In addition, the Human Rights Commissioner of the Council of Europe, dedicated his most recent comment to the topic: Inclusive education vital for social cohesion in diverse societies.


Life Story — Personal Assistance Budget, Sweden

Read the life story of Adolf Ratzka

Dr. Adolf Ratzka encountered his disability as a result of contracting polio at the age of 17, and he has had to rely on personal assistance ever since. He imported the Independent Living movement to Sweden from the United States and founded the Stockholm Cooperative for Independent Living, which was behind the introduction of the Swedish law that established the right to a personal assistance budget.

Dr. Ratzka says: “My assistants enable me to work. One of their most important functions is to accompany me on trips as head of the Independent Living Institute. Since my wife has her own work – she is an occupational therapist – we only travel together on vacations. And then too, I take an assistant along, since I want to have the same role within the family that I would have had without my disability. Money for the costs of the accompanying assistant’s airline tickets, hotel room, meals, etc., is part of the monthly payment from the Social Insurance Fund. Thus, I do not have to apply and fight for such expenses every time I travel.”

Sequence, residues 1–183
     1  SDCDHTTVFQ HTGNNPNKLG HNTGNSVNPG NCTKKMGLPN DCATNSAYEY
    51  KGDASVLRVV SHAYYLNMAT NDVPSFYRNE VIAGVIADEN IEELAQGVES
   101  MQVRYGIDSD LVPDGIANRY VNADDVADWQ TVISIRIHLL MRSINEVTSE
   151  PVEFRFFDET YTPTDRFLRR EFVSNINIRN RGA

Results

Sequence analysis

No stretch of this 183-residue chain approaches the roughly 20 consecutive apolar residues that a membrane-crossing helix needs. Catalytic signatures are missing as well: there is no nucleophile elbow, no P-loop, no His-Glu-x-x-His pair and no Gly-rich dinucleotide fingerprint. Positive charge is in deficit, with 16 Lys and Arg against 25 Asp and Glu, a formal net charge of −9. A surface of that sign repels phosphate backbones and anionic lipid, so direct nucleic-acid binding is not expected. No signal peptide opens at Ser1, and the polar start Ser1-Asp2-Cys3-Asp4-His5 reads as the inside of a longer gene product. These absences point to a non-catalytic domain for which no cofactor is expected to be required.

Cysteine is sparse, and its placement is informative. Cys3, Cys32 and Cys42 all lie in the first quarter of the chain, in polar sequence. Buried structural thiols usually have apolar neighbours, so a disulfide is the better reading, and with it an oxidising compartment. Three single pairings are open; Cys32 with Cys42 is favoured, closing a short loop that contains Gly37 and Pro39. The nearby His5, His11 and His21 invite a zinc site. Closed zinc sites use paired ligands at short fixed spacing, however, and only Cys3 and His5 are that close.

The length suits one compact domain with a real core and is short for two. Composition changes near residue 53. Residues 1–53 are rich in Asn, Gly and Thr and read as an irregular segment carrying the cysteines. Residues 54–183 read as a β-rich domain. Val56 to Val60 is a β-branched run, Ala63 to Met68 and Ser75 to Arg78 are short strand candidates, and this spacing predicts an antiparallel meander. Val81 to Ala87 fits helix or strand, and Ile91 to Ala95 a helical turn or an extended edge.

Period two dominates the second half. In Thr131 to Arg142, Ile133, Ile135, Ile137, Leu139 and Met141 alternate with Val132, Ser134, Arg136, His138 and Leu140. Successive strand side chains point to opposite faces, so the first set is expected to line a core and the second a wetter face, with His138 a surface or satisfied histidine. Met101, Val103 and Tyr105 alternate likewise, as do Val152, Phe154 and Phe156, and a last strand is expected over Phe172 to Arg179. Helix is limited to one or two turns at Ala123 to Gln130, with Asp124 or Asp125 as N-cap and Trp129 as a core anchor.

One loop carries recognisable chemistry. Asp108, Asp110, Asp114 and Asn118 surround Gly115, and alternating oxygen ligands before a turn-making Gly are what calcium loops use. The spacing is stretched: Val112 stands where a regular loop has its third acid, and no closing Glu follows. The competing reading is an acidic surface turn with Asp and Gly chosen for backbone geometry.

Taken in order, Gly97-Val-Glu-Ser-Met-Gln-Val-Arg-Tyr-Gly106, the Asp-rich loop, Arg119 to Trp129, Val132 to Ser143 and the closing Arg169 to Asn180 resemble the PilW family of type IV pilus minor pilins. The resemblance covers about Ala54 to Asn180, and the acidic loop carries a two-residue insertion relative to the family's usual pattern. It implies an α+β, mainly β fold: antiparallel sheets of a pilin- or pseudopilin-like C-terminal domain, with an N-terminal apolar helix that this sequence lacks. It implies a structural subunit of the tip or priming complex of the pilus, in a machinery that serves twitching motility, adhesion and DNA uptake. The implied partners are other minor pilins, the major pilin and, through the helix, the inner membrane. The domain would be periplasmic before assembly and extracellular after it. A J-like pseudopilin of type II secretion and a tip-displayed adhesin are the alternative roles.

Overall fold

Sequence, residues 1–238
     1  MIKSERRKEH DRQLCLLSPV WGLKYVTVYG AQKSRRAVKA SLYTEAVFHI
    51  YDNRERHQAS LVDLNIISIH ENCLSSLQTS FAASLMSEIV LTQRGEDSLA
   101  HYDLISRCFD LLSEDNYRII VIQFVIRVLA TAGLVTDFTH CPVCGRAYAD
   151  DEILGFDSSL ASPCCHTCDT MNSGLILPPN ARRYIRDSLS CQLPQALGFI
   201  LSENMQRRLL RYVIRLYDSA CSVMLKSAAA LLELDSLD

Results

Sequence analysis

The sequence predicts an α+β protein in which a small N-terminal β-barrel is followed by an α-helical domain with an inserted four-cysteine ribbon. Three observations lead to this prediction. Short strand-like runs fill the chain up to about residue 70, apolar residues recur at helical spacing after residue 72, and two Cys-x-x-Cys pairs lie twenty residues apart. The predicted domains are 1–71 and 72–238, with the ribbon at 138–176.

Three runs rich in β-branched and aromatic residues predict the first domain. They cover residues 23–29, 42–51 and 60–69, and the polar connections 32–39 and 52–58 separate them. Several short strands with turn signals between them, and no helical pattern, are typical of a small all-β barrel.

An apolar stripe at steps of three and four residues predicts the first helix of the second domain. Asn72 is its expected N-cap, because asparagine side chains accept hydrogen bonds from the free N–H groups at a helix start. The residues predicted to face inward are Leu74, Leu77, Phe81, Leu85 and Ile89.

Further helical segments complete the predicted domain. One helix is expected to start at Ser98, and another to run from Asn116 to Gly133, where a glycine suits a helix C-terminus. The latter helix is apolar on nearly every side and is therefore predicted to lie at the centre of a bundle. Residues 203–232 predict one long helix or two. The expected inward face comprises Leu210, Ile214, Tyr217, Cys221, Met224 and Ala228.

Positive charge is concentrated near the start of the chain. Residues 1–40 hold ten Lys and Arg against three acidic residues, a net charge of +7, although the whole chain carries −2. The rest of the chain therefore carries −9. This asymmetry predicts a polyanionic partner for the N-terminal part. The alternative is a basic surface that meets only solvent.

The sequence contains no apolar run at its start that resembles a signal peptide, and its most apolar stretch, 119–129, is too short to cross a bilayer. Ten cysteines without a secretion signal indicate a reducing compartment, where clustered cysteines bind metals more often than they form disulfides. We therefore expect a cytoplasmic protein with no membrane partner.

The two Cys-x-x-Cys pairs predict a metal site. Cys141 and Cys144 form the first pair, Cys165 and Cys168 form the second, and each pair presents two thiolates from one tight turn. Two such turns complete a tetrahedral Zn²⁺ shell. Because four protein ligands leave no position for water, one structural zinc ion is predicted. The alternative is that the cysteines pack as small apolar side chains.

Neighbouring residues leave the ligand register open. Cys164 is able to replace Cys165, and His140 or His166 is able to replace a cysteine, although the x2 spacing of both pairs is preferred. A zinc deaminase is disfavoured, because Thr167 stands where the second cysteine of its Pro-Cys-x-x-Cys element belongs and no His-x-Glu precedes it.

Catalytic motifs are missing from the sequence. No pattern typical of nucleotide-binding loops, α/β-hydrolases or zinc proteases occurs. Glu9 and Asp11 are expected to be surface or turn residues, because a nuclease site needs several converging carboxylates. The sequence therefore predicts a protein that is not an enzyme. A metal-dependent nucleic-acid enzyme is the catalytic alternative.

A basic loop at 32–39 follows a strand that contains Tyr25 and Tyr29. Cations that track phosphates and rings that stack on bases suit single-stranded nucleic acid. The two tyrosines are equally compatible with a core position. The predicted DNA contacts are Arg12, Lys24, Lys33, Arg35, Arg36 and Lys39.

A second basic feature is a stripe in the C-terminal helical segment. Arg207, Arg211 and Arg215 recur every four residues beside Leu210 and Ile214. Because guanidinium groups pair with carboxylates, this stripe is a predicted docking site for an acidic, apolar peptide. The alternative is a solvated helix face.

Find out more about the Swedish law that established the right to a personal assistance budget at:



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New audio clips on the right to education

For the first time the Office of the High Commission for Human Rights (OHCHR) published short audio clips with experiences shared by persons with disabilities themselves on the right to education. These are some of the interviewed:

Maryanne Diamond, IDA Chair

Markku Jokinen, Honorary President, World Federation of the Deaf

Mia Farah, Self-advocate, Inclusion International

Video transcripts are also available at

The audio clip were produced during the General Day of Discussion on the right to education for persons with disabilities at which the Zero Project team was participating:

Life Story of Dumitrita, Moldova

Life Story of Dumitriṭa of Moldova

“The 5 years I spent in an institution for children with disabilities in Moldova felt like an eternity. My name is Dumitria, I am a 14-year-old girl with disabilities and learning difficulties.

Support services didn’t exist where I lived and the mainstream school would not accept me. My family could not afford the education and care I needed so I was placed in an institution for children with disabilities.

This place was far from home which made family visits very difficult. In the institution I missed very much the love and care of my parents and sister. Being reunited with my family – thanks to Lumos’ support – was a dream come true.  For 2 years, I’ve been studying at the mainstream school close to my home. I feel part of the community. I am very happy living with my family who love and support me. I like my new school, I am doing well here and my friends and teachers understand me.

I am an advocate for inclusive education in our school’s participation group and speak out whenever I can. My dream is that all children with disabilities in Moldova can live with their families. I want to help other children to return home and give them confidence and hope for a better future.”


Find more details about this Innovative Practice on our website.